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AIDS Res Hum Retroviruses. 1994 Feb;10(2):143-7.

HIV-1 reverse transcription in cord blood lymphocytes: implications for infection of newborns.

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Department of Pediatrics, UCLA School of Medicine 90024-1752.


We previously demonstrated that progeny virions are not produced after infection of adult quiescent peripheral blood lymphocytes (PBLs) by human immunodeficiency virus type 1 (HIV-1). Molecular analysis revealed that the nonproductive nature of this infection is due to failure to complete reverse transcription of the viral genome. In this study, we examined HIV-1 reverse transcription in quiescent lymphocytes from umbilical cord blood (CBLs). Using the polymerase chain reaction (PCR) to detect the presence of reverse transcription intermediates, we found that as in PBLs from adults, reverse transcription is not completed in quiescent CBLs; instead, a partial reverse transcript is formed. Quantitative PCR analysis also showed that fewer partial reverse transcripts were found in CBLs than in PBLs. Although the relevance of this restriction in reverse transcription to vertical transmission is unclear, these data suggest that the rapid progression of disease in infected children is not due to increased permissiveness of the lymphocytes of newborns for HIV-1 infection.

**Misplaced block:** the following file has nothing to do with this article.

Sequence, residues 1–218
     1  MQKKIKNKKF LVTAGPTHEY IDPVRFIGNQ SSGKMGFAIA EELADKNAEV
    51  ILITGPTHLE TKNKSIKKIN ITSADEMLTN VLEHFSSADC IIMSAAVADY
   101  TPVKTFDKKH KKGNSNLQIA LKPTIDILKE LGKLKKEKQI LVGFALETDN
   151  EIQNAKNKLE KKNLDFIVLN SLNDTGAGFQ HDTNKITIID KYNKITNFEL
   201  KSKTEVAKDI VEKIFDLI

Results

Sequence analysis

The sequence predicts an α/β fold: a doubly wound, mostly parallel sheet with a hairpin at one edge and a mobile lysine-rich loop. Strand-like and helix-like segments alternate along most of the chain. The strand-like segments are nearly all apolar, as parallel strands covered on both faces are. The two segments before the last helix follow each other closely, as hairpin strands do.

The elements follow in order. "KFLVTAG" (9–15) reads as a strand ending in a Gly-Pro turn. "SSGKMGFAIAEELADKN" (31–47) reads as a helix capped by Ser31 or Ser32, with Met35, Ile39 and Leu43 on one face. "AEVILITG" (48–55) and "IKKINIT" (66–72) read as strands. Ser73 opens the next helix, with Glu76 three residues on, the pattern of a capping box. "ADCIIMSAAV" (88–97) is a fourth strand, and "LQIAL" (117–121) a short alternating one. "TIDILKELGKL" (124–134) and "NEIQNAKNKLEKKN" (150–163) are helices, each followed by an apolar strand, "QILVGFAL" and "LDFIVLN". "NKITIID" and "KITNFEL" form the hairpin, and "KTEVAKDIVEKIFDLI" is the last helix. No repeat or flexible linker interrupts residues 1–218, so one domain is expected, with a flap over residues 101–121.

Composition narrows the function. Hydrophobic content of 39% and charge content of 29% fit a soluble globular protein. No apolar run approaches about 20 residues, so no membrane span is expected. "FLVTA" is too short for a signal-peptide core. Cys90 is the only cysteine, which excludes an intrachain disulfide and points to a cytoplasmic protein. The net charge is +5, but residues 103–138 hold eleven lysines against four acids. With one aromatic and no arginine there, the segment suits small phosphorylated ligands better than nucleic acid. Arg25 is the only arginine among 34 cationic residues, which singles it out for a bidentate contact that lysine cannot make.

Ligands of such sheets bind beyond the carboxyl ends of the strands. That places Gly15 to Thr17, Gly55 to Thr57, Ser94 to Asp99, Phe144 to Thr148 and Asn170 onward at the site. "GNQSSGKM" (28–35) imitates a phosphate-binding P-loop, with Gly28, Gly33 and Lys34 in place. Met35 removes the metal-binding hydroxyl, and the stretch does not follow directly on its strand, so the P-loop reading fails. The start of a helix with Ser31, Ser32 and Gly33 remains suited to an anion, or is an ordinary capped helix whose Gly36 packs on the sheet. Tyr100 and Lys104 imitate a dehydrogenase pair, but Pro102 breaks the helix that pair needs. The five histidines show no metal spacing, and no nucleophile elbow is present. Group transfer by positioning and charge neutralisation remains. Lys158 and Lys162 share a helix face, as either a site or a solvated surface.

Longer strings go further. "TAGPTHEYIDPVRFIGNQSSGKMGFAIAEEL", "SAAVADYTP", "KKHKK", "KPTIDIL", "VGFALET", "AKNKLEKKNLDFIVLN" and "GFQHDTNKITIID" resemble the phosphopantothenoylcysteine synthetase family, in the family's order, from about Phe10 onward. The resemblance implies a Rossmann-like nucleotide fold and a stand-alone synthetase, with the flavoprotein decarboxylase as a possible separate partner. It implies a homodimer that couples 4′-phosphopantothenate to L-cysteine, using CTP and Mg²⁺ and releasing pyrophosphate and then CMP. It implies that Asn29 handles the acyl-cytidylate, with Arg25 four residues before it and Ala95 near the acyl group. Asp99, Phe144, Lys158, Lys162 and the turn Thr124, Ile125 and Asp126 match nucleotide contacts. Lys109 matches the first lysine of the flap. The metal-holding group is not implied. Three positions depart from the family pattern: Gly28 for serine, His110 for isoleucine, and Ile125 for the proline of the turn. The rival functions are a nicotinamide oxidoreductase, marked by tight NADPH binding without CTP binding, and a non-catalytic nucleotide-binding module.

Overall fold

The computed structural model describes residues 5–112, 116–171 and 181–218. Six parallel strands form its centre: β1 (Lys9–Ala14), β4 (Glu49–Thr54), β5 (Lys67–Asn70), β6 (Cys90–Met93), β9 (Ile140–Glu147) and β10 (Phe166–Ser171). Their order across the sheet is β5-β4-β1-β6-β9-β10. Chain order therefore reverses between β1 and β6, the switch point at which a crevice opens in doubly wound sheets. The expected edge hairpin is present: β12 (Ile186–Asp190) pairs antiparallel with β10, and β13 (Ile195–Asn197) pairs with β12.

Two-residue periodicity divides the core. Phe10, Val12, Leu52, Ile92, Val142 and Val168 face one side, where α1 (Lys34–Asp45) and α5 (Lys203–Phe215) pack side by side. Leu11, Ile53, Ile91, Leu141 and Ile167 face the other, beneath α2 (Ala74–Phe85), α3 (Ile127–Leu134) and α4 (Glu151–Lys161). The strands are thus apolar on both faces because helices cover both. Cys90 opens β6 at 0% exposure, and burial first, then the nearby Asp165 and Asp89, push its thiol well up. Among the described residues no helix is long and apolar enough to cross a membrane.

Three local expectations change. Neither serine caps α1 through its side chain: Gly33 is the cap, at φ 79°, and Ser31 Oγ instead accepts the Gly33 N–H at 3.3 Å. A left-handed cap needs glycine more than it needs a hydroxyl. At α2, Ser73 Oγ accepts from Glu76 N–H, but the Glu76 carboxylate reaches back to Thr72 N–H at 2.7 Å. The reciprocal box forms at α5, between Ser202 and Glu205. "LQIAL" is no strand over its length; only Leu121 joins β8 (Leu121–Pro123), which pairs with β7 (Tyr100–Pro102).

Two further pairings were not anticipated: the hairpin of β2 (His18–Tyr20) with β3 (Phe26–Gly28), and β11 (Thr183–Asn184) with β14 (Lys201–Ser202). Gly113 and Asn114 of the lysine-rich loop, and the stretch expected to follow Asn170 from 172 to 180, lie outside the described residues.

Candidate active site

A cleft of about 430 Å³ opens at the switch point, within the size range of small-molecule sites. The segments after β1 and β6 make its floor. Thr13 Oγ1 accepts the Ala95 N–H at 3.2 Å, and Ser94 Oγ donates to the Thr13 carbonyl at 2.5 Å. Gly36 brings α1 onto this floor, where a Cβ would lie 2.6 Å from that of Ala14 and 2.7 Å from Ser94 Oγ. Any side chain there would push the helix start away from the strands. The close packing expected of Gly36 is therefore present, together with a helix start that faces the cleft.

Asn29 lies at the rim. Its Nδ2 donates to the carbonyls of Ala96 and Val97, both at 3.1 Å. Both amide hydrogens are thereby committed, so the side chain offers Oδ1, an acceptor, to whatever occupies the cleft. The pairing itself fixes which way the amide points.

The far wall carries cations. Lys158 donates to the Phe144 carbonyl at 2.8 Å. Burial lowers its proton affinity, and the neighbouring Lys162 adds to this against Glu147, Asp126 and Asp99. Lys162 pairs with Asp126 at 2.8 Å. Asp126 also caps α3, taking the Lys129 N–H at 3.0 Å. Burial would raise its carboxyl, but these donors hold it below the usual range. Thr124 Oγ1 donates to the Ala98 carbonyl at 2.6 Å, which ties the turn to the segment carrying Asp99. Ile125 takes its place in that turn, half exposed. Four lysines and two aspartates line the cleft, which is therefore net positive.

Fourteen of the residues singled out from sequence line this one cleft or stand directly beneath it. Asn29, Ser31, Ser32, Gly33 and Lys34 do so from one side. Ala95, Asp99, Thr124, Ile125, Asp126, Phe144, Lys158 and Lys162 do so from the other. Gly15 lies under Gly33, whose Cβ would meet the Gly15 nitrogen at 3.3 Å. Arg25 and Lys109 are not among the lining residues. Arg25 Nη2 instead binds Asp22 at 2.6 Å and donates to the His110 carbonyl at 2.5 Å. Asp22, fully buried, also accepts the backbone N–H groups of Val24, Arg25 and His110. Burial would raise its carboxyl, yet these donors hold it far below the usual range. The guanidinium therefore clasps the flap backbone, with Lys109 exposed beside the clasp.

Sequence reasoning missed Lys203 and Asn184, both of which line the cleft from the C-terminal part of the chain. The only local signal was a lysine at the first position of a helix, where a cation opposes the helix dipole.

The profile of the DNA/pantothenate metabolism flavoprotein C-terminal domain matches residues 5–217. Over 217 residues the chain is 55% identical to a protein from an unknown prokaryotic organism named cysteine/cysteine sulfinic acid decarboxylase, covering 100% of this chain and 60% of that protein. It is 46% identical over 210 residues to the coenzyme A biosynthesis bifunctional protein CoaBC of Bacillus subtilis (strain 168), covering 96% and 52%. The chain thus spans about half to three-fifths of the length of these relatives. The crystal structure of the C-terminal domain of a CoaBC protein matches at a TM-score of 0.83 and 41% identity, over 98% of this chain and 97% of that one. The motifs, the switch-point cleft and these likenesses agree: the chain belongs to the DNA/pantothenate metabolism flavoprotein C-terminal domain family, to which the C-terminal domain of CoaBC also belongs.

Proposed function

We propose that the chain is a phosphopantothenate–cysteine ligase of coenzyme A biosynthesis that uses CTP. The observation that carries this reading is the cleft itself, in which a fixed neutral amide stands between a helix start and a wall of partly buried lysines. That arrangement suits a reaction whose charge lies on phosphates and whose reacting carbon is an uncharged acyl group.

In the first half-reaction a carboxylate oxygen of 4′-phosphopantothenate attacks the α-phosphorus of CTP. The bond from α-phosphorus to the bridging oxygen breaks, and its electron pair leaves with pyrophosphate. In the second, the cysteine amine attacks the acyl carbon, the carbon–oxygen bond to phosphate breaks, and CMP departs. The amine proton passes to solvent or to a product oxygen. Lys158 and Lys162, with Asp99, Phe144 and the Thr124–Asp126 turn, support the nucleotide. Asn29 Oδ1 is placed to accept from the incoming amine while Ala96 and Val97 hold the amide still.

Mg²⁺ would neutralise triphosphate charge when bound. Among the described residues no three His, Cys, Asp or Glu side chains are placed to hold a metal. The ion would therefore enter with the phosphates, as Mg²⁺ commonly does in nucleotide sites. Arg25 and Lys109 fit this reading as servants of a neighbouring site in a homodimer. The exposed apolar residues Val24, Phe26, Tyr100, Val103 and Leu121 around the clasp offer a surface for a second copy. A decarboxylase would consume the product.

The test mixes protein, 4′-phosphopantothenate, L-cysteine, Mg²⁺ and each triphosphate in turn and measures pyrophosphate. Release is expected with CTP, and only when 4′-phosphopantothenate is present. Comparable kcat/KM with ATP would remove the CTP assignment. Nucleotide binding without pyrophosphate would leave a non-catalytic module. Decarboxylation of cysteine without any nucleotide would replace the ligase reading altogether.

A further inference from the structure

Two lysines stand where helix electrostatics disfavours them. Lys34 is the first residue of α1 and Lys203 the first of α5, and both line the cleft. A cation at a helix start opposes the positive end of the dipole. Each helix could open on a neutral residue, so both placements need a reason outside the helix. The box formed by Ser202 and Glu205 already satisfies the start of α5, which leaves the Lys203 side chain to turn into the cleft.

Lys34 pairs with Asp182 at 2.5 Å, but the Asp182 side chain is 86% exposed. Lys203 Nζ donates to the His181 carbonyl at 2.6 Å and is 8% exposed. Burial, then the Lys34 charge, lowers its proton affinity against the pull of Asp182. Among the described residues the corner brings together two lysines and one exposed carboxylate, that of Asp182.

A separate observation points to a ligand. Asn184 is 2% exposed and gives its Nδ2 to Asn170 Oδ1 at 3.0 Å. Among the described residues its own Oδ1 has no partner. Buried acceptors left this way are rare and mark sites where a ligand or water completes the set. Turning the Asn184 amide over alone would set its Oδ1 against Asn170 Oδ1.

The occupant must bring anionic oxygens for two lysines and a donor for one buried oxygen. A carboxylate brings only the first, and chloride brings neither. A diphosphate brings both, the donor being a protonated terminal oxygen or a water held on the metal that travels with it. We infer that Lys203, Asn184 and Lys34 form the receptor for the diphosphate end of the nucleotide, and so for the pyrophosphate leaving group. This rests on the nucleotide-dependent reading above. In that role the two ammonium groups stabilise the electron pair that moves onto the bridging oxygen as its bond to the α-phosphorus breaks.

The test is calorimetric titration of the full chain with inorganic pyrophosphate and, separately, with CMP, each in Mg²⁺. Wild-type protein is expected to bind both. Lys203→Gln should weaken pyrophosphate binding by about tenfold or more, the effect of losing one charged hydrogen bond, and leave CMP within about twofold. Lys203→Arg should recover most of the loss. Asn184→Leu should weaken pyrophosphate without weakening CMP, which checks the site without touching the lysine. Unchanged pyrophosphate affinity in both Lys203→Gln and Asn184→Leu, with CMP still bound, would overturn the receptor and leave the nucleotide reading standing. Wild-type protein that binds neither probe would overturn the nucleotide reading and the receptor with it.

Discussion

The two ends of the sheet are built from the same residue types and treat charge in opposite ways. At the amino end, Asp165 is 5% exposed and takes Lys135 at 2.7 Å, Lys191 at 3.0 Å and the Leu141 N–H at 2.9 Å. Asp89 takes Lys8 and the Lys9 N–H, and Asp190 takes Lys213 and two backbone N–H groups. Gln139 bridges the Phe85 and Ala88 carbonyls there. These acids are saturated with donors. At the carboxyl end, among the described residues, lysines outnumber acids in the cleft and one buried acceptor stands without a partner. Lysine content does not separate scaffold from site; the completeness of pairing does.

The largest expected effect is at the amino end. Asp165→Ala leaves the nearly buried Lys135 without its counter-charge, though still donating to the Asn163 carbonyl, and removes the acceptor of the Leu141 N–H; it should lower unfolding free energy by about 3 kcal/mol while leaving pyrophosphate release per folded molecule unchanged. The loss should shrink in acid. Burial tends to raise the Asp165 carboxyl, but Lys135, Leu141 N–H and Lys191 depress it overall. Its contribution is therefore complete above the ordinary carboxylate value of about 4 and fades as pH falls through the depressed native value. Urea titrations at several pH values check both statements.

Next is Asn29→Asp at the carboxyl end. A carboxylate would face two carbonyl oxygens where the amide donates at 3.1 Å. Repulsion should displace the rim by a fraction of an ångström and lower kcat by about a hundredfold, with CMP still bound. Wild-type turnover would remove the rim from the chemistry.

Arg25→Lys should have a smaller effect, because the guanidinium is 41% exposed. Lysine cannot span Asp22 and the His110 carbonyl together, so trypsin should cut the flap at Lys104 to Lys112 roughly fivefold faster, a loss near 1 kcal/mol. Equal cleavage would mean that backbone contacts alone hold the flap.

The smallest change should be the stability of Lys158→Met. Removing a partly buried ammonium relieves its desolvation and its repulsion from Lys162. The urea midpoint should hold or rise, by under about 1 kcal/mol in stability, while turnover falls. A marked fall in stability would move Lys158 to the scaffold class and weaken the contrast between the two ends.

[Indexed for MEDLINE]

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